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Park Avenue Between 50th and 51st: St. Bartholomew’s Church (PART 2 OF 2)

IMG_A1_1704_resize-1115x740Hey guys, thanks for sticking with me through this week’s two-parter! If you haven’t read part 1, go take a look at Manhattan’s largest brewery and the first lager in America. Today we continue with our history of Park and 51st with the current structure, St. Bartholomew’s Church (St. Bart’s to his fellow New Yorkers.)

The parish of St. Bartholomew’s Episcopal Church was formed in 1835 at a meeting-house on Bowery and Broome. It’s uncertain why the congregation was named for St. Bartholomew, but it may be related to a 10-day festival held in the early days of New Amsterdam. A meeting-house in the heart of the Bowery may seem like an inauspicious start to one of the wealthiest congregations in Manhattan, and perhaps realizing the roughness of their surroundings, the parish moved to their first church on Lafayette and Great Jones a year later.


During that time, the church’s ranks swelled with New York City elite, none more so than titan of industry Cornelius Vanderbilt. After spending 43 years in a church that even the parish paper described as “very plain and destitute of architectural beauty,” St. Bart’s was determined to make an impression with their next home. In 1878, they moved to a new site at the southwest corner of 44th and Madison. They hired James Renwick as architect, who a few years earlier had designed St. Patrick’s Cathedral, and commissioned a set of portals designed by Stanford White of McKim, Mead & White, courtesy of a large donation from the Vanderbilt family.


The portals were rightly hailed as masterpieces. In a move both artistically inspired and financially prudent, White selected three different sculptors (Herbert Adams, Daniel Chester French, and Philip Martiny) to embellish the portals. This not only meant the portals could be completed in a third of the time, but it also gave each set of doors its own unique style. Per a 1904 article in House & Garden, “Seldom have the kindred arts of sculpture and architecture been more happily mated.” St. Bartholomew’s was equally devoted to other art forms. In 1905, the Rev. Leighton Parks brought a young British musician of Polish heritage to be the organist and choir director from 1905 to 1908. That musician was Leopold Stokowski. Stokowski would go on to international renown conducting the Philadelphia Orchestra, but he never forgot his first job in the United States, returning to conduct the St. Bartholomew’s Church Choir and the American Symphony Orchestra two days shy of his 90th birthday.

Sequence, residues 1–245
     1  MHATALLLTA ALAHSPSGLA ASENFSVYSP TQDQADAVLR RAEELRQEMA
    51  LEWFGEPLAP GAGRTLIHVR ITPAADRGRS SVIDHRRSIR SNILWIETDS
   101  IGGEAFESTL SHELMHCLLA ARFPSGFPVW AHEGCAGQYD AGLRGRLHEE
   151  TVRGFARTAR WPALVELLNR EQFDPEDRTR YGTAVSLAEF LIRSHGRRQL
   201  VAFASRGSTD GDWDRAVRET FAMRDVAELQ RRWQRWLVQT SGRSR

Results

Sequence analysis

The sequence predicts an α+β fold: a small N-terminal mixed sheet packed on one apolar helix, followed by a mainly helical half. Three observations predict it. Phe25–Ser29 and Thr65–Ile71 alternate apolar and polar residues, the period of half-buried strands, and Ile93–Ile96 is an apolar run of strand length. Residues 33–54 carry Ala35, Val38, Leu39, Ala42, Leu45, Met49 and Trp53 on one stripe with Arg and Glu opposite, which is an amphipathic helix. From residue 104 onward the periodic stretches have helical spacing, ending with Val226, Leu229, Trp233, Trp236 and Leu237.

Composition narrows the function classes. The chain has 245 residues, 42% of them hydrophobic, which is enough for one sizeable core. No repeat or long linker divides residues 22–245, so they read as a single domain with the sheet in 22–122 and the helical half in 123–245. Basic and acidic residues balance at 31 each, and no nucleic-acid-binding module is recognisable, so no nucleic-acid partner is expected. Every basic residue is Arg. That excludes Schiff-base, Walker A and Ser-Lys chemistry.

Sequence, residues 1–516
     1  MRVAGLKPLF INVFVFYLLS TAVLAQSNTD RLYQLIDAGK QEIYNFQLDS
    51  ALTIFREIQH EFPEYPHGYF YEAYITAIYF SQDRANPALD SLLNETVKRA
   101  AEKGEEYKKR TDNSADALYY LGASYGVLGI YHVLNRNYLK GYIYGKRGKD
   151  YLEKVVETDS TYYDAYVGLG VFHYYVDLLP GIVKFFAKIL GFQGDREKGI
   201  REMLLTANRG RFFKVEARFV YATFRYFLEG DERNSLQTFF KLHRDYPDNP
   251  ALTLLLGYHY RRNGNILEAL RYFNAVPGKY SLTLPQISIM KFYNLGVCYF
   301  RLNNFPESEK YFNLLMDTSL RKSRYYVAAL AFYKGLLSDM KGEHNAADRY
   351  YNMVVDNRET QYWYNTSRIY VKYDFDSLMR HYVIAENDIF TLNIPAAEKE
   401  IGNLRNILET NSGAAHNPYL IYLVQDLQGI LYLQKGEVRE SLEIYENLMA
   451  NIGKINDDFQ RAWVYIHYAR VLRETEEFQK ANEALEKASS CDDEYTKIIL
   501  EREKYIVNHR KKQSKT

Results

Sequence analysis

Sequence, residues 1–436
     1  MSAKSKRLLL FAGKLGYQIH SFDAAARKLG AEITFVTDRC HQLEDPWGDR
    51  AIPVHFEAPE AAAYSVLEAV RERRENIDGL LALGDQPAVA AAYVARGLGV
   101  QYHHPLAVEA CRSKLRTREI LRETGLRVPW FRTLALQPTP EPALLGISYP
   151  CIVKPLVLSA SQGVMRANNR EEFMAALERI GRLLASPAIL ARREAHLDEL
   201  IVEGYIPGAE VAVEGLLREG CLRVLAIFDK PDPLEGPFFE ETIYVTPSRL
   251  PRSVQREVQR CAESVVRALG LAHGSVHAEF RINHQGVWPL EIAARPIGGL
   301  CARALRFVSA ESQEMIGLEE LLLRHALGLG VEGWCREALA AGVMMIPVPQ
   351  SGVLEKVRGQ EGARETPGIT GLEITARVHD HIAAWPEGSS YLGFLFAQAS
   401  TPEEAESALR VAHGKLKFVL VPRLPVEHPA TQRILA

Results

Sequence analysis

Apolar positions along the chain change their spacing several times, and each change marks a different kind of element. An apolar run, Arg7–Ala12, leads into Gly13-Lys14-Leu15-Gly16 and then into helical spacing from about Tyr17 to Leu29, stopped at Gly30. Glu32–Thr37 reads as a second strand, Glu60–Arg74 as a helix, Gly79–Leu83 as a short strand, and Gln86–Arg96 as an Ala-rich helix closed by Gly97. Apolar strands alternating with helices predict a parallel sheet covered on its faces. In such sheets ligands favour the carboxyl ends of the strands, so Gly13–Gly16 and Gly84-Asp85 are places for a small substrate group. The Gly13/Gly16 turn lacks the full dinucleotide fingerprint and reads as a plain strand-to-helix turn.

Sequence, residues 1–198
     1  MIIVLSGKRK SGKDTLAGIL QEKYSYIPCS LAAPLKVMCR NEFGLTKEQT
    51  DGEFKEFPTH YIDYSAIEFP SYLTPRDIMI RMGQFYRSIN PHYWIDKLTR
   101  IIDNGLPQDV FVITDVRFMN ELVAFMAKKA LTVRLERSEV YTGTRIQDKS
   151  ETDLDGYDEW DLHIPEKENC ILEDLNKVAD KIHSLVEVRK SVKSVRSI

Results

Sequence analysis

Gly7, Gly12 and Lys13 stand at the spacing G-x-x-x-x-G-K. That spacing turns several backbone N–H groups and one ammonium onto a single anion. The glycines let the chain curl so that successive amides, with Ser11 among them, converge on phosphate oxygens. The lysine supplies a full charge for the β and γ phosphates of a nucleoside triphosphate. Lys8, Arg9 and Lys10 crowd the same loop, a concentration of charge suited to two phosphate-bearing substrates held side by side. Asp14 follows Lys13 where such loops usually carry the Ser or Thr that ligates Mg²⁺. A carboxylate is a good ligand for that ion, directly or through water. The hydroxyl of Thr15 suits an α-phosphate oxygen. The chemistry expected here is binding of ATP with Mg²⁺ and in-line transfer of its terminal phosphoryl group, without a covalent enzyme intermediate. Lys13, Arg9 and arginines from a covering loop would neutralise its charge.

By the 1910s, St. Bart’s was ready to move again. For their third (and final) move, they chose the corner of 51st Street and Park Avenue, where bourgeois townhouses were rapidly replacing the factories that had existed there in years prior. In 1914, the church bought the F. & M. Schaefer Brewing Company’s factory, and broke ground on the church that stands their today in 1917. Bertram Goodhue’s designs would be a radical departure from the handsome but traditional church at 44th and Madison. His plans called for a cathedral-sized Romanesque structure with heavy Byzantine influences. Thick walls and small windows meant a wide-open nave free of columns or buttresses. This meant there would be no side aisles or chapels, giving celebrants an unfettered view of the altar. Arches were rounded rather than peaked, and the bricks were not dark brown or grey but a vibrant yellow. (Goodhue’s original design also called for an enormous spire, but that idea was scrapped in favor of the distinctive dome seen today.) Of course, some of the old architectural elements were reincorporated, most notably the Stanford White portals. And St. Bart’s wouldn’t forget its commitment to music, either. The church is home to a full-time professional choir and the largest pipe organ in New York City.


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